Secret court asked to quash a decade of MI5 surveillance warrants following ‘systemic breaches’

The culture at MI5 was to ‘prioritise’ missions ‘over everything else’, including compliance with safeguards designed to protect the public, the UK’s most secret court heard yesterday

Warrants for bulk surveillance of UK citizens have, for more than a decade, been obtained illegally and should be quashed, a tribunal has heard.

Human rights organisations Liberty and Privacy International are seeking through a joint claim to nullify the MI5 data capture warrants signed off by a series of home secretaries.

The warrants, which allowed MI5 to intercept vast amounts of private and sensitive information, had been “obtained as a result of material non-disclosures”, according to Tom De La Mare QC, acting for the two human rights groups.

The Investigatory Powers Tribunal, the UK’s most secret court, heard that MI5 had unlawfully gathered vast amounts of information that may have extended to millions of citizens, including lawyers and journalists.

De La Mare told the tribunal that the warrants should therefore be quashed, since full and frank disclosure – on which there had been a “conscious failure” to engage within MI5 – would have revealed that they were unlawful.

The tribunal heard that not acting to quash the warrants would reward “systemic” wrongdoing among intelligence agencies.

“Leaving the warrants in place” will have “wide remedial consequences”, said De La Mare, preventing many future claims from being brought against those responsible for the alleged overreach and data retention failures since 2010.

MI5’s data handling systems have been in a “parlous state” during this time, the tribunal heard, with one “technical environment” used to store intercept material described as “akin to the Wild West”, in an internal MI5 document.

Culture of ‘systemic’ non-compliance

The tribunal was told that “systemic” breaches in the obtaining, storage and retention of the public’s data were embedded and widespread practices within MI5.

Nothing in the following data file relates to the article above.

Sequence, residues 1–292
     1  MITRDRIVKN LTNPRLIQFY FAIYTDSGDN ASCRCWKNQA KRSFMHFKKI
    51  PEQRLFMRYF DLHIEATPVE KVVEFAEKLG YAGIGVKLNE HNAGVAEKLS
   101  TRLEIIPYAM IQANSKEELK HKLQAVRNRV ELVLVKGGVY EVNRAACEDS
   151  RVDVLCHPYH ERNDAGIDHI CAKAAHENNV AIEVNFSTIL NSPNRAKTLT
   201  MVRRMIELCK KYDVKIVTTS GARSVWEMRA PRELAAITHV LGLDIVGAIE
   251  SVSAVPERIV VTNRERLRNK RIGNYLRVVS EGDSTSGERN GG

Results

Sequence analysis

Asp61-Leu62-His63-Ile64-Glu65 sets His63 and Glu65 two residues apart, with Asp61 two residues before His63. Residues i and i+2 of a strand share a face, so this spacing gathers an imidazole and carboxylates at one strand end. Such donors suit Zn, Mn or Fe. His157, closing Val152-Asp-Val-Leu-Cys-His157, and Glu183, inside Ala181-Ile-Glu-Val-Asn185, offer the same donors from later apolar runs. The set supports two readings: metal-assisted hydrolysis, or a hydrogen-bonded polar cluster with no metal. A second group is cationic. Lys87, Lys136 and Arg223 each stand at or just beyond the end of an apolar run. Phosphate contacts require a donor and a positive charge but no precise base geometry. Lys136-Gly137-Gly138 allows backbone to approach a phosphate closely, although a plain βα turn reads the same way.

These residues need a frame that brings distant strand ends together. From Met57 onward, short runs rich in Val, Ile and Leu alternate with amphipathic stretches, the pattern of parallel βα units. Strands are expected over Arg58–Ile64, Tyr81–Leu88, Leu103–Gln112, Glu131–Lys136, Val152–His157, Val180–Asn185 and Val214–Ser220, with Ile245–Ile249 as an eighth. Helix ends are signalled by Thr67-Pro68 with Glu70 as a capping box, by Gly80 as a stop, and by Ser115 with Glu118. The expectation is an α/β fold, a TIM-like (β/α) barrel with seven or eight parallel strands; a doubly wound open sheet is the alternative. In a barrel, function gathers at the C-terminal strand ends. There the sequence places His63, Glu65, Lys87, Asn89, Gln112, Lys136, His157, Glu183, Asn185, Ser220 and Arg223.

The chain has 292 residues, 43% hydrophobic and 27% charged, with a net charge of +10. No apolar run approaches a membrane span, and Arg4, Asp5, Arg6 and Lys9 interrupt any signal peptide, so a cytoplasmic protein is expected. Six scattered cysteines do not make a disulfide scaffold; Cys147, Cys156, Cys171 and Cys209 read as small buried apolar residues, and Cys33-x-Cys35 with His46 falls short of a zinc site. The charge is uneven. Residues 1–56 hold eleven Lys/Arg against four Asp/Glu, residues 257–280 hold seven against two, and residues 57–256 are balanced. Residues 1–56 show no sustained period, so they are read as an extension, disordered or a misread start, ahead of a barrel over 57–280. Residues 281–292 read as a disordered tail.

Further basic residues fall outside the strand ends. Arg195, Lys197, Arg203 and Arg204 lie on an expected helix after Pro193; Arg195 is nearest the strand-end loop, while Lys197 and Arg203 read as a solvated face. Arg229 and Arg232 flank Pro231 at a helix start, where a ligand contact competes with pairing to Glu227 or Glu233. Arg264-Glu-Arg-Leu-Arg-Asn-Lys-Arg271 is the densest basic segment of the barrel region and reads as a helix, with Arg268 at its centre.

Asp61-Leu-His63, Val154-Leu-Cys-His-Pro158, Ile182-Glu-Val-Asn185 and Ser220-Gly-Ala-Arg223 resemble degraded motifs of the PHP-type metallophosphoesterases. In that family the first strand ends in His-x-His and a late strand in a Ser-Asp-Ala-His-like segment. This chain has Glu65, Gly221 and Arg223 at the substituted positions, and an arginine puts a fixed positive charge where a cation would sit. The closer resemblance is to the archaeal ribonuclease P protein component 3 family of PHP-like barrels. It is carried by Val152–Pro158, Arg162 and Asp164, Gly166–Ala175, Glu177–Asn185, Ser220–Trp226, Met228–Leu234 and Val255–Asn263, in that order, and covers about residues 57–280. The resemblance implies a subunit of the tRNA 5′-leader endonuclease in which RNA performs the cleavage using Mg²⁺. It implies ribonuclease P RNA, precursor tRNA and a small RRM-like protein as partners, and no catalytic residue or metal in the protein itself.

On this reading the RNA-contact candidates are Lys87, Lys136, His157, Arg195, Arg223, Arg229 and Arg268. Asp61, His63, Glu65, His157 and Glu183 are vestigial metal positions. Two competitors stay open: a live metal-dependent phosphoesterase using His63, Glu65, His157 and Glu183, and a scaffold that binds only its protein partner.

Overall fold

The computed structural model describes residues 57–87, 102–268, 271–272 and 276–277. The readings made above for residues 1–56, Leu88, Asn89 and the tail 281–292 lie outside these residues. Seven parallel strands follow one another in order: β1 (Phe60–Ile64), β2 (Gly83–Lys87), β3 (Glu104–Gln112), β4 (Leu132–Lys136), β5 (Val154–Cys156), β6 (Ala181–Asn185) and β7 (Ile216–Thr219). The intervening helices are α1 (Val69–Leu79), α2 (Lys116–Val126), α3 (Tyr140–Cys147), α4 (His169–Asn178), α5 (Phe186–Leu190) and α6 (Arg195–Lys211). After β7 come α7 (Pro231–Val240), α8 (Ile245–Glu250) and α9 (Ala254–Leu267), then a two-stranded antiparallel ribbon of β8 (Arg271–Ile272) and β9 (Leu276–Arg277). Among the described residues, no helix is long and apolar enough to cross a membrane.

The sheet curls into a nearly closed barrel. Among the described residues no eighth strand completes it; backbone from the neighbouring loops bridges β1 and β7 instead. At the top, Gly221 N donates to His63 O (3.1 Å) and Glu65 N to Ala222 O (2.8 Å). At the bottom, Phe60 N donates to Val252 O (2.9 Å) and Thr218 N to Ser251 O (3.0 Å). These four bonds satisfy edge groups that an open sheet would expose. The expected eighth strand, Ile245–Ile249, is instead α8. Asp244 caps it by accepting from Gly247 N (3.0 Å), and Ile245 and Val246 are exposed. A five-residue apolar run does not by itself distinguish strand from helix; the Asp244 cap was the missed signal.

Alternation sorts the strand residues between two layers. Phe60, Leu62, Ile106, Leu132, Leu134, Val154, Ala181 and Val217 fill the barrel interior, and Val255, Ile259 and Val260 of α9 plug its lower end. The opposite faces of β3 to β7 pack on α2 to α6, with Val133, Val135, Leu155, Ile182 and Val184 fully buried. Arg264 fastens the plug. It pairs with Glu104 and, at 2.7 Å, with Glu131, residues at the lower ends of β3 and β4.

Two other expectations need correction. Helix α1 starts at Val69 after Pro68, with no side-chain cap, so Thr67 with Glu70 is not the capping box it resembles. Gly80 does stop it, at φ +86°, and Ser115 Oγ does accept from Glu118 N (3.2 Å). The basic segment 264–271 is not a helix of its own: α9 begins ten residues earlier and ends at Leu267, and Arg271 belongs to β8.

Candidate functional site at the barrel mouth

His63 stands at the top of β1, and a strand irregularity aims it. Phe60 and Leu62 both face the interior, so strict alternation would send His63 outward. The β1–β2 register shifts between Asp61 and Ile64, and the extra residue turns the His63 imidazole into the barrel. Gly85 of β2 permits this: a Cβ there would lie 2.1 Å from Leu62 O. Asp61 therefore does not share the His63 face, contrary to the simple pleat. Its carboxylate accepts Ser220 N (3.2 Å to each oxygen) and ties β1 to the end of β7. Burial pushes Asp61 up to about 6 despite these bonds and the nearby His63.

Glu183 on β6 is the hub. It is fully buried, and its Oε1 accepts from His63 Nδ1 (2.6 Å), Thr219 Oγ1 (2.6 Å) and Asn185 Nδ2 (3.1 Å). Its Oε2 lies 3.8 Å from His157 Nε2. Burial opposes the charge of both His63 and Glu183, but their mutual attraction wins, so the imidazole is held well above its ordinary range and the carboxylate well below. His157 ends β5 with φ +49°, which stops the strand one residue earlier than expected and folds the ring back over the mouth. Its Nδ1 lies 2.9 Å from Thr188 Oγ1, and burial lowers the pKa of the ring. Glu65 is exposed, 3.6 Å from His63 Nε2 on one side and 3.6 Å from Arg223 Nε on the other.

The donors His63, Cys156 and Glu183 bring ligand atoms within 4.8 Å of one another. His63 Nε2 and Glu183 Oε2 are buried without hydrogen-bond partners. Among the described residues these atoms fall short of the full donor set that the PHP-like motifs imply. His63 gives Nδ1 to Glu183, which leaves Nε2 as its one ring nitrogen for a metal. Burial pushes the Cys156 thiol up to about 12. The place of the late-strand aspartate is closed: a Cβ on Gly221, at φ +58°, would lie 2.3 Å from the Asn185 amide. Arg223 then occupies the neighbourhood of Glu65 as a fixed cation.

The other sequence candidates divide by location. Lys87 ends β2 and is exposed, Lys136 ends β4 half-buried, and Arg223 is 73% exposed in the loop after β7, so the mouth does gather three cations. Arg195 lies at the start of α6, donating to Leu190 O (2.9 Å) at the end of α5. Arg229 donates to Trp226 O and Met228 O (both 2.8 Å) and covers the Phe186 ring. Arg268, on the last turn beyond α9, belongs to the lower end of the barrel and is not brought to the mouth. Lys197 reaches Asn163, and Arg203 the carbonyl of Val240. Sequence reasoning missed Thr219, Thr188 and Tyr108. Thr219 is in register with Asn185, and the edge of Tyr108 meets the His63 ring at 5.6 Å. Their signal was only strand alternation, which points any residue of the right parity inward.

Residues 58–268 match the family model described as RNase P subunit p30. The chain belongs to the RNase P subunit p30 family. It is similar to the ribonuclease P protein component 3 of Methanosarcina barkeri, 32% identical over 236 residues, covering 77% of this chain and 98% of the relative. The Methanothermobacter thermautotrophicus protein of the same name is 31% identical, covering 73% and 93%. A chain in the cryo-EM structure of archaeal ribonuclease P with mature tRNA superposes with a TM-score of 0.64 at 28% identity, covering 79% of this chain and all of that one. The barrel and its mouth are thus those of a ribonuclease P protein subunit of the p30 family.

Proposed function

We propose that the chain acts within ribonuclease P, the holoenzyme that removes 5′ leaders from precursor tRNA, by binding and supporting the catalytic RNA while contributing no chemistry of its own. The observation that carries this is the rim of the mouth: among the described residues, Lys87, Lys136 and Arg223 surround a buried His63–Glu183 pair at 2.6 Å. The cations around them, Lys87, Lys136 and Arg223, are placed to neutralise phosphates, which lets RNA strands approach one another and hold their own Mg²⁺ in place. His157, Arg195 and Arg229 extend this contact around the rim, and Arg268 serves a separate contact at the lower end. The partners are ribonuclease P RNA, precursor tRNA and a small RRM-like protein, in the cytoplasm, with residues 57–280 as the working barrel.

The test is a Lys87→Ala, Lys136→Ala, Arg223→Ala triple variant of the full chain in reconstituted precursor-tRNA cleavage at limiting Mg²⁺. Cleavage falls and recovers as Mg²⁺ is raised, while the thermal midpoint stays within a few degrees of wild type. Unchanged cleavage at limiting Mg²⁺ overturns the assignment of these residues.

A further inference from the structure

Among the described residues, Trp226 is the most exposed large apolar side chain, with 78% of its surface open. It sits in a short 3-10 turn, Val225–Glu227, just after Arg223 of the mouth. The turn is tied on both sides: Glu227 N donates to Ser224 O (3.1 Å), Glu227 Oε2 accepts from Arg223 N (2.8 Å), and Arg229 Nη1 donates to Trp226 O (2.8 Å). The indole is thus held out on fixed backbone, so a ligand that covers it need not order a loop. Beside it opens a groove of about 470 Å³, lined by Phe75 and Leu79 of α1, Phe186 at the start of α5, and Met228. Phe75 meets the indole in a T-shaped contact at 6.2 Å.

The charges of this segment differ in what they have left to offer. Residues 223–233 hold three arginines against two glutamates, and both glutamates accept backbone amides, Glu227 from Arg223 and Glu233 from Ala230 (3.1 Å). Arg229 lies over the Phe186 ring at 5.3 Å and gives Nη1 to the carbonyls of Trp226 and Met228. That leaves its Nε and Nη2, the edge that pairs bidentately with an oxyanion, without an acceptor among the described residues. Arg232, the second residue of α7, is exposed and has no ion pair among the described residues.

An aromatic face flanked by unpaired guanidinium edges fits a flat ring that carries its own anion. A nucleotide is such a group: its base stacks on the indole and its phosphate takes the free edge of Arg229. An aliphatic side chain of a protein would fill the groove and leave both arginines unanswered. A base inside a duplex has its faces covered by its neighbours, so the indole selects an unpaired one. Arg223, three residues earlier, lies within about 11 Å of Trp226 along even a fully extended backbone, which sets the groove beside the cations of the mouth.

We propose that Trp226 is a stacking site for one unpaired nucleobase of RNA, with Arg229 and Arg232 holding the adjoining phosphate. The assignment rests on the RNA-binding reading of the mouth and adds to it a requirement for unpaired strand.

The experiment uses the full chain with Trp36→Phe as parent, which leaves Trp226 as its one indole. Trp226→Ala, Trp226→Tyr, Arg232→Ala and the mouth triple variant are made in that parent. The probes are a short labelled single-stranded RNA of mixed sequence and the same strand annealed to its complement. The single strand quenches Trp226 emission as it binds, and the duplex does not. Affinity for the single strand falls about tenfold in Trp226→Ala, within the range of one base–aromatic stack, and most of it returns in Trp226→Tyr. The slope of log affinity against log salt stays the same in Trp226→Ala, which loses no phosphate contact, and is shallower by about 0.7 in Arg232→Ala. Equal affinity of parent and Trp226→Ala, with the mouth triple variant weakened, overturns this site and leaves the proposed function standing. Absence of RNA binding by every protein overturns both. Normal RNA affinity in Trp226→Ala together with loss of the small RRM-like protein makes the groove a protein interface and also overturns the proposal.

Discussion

This, Liberty and Privacy International’s legal representatives argued, was due to a series of deep-rooted cultural factors “baked into” the organisation.

The culture at MI5 was to “prioritise” missions “over everything else”, according to the transcript of an internal interview submitted to the court.

“Staff are hugely motivated. The challenge can be that the mission is prioritised over everything else. Compliance can often be at conflict at times. The organisation is more used to considering security issues and this trumping the mission. Compliance is not yet seen in the same way in the organisation,” the document reads.

In one case, when an MI5 team raised a compliance issue, those at “the top of the office” were clear that it needed fixing immediately, the transcript read. “Perhaps the priority [of compliance] is not understood at the lower levels where the mission is seen as the top priority.”

“It is still [MI5’s] case that there has been no breach of full and frank disclosures. There’s no evidence they understand or hold any insight into their legal liabilities”
Ben Jaffey QC

According to Ben Jaffey QC, there was “a very strong desire in MI5 to do everything they could to withhold information” from oversight bodies and from the court process.

He said there was “a high level of knowledge” of the breaches and other failures “within MI5”.

“It is still the respondents’ case that there has been no breach of full and frank disclosures,” he told the court. “There’s no evidence they understand or hold any insight into their legal liabilities.”

However, the court heard that widespread breaches had been noted within MI5 as recently as 2022. De La Mare pointed to internal communications dated earlier this year, which indicated that such problems were still “systemic” within the agency.

The Security Service reported its “failure to adhere to safeguards” to the Investigatory Powers Commissioner in June 2020, after discovering that it had retained authorised information in the “technical environment” when there were no longer any grounds to keep it.

“We therefore assess that this case may be symptomatic of a more systemic issue, that there is likely to be further warranted or authorised material that has been stored in [the technical environment] for longer than is necessary and proportionate,” MI5 wrote in its report to the regulator.

“The failure to enforce the necessary safeguards is likely to have resulted in the occurrence of further breaches,” it added.